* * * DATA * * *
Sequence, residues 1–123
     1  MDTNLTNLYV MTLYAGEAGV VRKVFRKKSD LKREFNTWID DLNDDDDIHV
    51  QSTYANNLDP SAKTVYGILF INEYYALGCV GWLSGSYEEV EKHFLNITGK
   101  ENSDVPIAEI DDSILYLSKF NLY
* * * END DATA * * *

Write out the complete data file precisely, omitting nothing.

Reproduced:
Sequence, residues 1–123
     1  MDTNLTNLYV MTLYAGEAGV VRKVFRKKSD LKREFNTWID DLNDDDDIHV
    51  QSTYANNLDP SAKTVYGILF INEYYALGCV GWLSGSYEEV EKHFLNITGK
   101  ENSDVPIAEI DDSILYLSKF NLY